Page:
However, there had been no resurrections to this point. Indeed, the first recorded resurrection would not come for another thousand years. Abraham had no basis for this faith, but still trusted in God and fully expected it to happen based on God’s promise that Isaac would be the line by which the nation would be produced. While he would ultimately
be wrong, this was still a tremendous act of faith on his part because nothing like this had ever happened before.
Peter had Jesus standing in front of him when he walked on water. Abraham had no such example to base his
faith on. But he believed, and was acting on that faith by being fully prepared to sacrifice his only son on that
altar as he grabbed the knife.
4. The Deliverance (Genesis 22:11-14)
Before Abraham can consummate the sacrifice, the angel of the Lord stops him. Abraham is informed that God is satisfied with the results of the test. Abraham has shown that he yare', or reverently fears the
Lord. Lint writes,“When Abraham took his knife, surrender was complete. God had all of Abraham’s heart.”
When that fact is proved to Abraham, he is stopped from committing the act.
It is appropriate to bring up a point here. In Genesis 15:6 Abraham is declared righteous because he believed in the
Lord. This righteousness was not dependent on his actions, but that righteousness would be evident in his acts,
or works, from that point. This then is Abraham’s greatest act of that belief, as James attests to in James 2:21-24. His work proceeded from his righteousness which he already had. This test proved to Abraham that his belief was total and all consuming.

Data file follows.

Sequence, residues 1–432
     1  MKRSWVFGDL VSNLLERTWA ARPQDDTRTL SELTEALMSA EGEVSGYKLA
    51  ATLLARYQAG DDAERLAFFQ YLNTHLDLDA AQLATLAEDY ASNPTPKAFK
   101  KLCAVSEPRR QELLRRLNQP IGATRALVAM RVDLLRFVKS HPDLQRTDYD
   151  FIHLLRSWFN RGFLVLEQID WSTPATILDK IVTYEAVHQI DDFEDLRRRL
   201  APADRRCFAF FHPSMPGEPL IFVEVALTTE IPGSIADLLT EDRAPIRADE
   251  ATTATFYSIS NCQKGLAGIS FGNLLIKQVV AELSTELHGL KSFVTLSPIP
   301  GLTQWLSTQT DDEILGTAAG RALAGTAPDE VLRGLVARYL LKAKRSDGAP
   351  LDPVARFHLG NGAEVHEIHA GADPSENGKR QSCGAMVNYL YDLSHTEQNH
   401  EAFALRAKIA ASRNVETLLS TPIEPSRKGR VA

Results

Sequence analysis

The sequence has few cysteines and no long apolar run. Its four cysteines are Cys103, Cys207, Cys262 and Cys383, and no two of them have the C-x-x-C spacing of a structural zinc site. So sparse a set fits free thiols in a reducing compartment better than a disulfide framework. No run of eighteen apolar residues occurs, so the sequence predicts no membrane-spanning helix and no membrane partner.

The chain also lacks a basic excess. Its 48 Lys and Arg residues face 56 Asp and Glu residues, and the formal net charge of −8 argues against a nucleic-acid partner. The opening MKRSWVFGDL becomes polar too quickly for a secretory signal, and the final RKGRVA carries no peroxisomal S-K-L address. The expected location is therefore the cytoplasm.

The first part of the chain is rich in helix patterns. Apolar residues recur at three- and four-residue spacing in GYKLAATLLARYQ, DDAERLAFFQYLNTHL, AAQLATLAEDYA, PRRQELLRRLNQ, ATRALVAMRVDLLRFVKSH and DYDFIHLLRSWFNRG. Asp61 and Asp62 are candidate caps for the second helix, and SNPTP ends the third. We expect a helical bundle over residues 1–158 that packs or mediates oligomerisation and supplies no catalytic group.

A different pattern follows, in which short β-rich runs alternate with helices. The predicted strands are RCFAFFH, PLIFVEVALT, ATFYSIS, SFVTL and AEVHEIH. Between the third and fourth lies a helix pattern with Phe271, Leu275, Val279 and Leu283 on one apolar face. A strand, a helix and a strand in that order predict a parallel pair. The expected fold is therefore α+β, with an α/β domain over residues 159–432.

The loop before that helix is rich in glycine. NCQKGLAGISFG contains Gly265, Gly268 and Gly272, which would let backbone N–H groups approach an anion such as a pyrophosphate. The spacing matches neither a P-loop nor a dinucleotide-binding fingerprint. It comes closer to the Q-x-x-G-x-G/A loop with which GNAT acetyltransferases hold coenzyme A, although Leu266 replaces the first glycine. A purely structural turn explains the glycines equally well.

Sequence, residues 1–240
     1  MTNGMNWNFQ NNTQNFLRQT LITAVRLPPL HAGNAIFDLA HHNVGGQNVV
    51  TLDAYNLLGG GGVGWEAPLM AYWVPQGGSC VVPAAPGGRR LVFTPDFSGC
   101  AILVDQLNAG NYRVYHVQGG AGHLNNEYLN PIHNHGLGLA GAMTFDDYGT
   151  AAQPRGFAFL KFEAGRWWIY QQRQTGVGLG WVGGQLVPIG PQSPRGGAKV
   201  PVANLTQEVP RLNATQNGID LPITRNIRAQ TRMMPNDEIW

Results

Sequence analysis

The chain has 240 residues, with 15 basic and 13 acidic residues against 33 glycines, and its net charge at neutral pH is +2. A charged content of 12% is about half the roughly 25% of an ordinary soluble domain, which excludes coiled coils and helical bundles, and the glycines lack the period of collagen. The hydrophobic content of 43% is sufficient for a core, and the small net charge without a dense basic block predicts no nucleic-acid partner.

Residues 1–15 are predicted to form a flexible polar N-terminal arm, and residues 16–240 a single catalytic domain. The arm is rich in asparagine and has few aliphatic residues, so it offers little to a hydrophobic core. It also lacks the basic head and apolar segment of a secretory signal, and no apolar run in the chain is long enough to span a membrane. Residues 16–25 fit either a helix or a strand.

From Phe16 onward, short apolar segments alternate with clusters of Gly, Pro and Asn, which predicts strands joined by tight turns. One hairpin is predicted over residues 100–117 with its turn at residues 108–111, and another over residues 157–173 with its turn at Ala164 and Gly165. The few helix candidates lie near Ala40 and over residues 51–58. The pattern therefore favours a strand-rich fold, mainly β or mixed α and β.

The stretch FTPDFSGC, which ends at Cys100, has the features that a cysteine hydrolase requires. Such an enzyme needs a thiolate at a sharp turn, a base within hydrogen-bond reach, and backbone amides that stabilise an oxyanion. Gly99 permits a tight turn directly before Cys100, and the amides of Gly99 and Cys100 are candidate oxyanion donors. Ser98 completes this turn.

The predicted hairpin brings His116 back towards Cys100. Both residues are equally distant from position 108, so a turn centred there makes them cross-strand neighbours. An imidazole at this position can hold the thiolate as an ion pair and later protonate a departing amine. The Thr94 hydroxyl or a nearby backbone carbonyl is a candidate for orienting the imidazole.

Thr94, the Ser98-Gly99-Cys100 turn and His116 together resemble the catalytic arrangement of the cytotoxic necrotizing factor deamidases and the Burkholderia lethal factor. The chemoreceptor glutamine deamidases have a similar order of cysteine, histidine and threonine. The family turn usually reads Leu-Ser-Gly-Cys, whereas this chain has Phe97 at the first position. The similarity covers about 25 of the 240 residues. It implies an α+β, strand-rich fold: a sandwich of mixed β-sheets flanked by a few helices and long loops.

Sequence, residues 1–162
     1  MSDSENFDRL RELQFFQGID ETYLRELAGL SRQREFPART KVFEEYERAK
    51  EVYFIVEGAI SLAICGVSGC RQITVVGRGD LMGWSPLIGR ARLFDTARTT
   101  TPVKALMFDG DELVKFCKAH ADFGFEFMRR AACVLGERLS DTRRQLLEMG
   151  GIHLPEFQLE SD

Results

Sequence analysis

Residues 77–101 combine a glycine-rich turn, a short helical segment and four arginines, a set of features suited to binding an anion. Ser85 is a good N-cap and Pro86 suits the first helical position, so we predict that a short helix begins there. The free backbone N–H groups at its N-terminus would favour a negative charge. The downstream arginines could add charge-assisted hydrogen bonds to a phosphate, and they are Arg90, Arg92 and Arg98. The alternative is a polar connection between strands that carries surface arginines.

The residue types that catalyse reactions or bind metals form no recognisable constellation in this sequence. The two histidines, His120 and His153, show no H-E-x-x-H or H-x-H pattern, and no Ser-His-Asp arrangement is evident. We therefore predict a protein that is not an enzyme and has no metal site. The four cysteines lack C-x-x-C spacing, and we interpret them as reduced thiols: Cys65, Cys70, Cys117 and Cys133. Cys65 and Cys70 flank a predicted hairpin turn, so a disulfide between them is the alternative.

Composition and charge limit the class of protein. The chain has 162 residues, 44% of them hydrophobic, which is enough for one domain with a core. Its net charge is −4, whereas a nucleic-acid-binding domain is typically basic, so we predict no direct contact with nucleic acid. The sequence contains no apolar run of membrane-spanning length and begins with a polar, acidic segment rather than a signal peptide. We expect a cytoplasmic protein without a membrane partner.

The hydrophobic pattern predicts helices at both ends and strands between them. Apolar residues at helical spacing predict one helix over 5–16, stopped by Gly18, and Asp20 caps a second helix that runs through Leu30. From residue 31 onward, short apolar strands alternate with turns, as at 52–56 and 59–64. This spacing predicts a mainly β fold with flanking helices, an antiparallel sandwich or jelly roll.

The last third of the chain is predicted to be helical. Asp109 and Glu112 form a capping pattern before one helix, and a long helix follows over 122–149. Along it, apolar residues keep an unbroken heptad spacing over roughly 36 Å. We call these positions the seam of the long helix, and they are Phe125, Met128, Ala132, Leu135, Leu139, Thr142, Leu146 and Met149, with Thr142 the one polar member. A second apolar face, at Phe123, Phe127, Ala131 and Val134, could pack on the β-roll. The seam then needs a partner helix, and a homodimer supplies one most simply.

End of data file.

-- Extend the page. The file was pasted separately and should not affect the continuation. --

When Abraham is free from committing the heinous act, he notices, as his earlier promise to Isaac indicated, that God had provided a sacrifice. Isaac is unbound, and a ram is sacrificed instead. Henry writes, “Now that the altar was built, and the wood laid in order, it was necessary that something should be offered. For 1. God must be acknowledged with thankfulness for the deliverance of Isaac…2. Abraham’s words must be made good.” Abraham gives thanks and offers a substitute for his son whom he was willing to offer.
The phrase “in the stead of his son”clearly indicates that Abraham understood that the ram was a substitution for Isaac.
The many pictures of Jesus this narrative illustrates will be dealt with in a later section, but the ram as a substitute for Isaac is a clear picture of the coming substitutionary sacrifice of Jesus.
Finally, Abraham names that place Jehovah-jireh, which translates to “Jehovah sees” or “Jehovah Will Provide.” Just as God had provided for a substitution for Isaac that died in his place, so would God provide for his people a substitutionary atonement through the sacrifices to come. Mt. Zion would be the future place of atonement for those people, and indeed God had provided for His people. Ultimately, though, God would provide the ultimate propitiation through Jesus.
Was God’s Test Righteous?